[00:22:38.460] – Boris
Yeah. And I think you can make it—you don’t have to make it required, of course, but you can make it even simpler. Leave an open-ended question, because open-ended questions give you a lot of interesting qualitative data. But make it a checkbox list of what are the things that you are most passionate about? And let them check off some of the different things that you’re working on. And then start to segment them, start to talk to them, because… there’s this disconnect where people think segmenting is very cold and analytical, when in fact, segmenting is a lot more personal because you’re able to talk to people about what they’re interested in rather than about what you are interested in.
[00:23:19.230] – Tim Sarrantonio
One of the interesting trends that I think we’ll start to see is that underneath the surface, the data is actually showing a really interesting spike in investment toward environmental and animal conservation organizations. A lot of different trends interfacing there, but ultimately that’s a fascinating one to explore. And in that situation, an example I like to use is, I went to an animal shelter and I adopted a cat, a dog, something like that. The segment could be as simple as adopted? in your CRM. Adopted, yes? And that’s it. That’s your segment. Then you can actually segment and say, “You, how is your furry friend doing?” Right? Like, you can personalize things because you know that person has a deeper relationship with your organization and that can be with any type of organization, any type of mission has a version of that. Segmentation is actually one of the most intimate things that you can start with from a tactical standpoint.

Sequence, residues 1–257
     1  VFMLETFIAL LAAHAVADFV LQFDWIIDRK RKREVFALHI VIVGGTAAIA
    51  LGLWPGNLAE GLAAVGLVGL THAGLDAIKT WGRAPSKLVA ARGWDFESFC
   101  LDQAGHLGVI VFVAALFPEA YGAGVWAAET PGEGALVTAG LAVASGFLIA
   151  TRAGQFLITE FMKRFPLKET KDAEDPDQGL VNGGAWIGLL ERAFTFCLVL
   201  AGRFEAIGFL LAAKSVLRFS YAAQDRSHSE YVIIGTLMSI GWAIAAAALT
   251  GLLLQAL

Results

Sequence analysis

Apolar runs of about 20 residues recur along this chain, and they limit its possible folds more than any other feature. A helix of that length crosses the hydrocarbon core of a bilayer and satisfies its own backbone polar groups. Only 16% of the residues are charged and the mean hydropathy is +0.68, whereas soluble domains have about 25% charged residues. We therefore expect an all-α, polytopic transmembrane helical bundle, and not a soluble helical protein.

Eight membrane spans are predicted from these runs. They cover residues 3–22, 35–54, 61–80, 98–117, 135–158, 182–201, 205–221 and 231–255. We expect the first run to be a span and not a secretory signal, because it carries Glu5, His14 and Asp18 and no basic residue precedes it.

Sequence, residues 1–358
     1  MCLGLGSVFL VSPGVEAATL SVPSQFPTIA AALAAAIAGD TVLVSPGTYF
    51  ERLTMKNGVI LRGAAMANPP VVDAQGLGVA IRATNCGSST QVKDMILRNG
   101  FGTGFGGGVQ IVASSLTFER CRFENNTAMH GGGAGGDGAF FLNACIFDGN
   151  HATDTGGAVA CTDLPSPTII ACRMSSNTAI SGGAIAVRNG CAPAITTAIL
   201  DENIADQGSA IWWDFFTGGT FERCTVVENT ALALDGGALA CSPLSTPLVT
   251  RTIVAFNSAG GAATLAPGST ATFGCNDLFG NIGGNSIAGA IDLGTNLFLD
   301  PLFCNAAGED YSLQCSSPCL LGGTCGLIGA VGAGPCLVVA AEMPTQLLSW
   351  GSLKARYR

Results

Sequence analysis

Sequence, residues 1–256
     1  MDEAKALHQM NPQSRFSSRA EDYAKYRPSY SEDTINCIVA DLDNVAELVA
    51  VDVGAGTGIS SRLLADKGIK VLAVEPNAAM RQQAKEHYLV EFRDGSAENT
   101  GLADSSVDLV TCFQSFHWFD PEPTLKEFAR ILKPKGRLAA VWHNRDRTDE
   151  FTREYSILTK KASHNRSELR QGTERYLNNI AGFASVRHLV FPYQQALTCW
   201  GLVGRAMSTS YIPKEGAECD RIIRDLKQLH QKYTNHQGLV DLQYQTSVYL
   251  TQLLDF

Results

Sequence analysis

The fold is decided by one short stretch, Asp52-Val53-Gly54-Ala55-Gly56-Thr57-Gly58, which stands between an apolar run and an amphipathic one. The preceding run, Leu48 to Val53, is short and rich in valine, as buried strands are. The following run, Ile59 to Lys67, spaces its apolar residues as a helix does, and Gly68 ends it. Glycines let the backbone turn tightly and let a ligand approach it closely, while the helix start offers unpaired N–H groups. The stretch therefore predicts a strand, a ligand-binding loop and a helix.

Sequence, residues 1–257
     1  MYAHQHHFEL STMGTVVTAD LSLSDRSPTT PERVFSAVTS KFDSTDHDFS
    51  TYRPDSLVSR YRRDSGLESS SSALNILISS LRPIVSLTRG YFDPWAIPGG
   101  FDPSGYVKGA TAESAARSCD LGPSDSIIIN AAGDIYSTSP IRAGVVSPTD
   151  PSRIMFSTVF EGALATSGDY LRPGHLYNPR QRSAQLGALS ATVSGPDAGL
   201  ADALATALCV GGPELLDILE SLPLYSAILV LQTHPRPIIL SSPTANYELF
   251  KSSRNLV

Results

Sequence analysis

[00:24:23.490] – Boris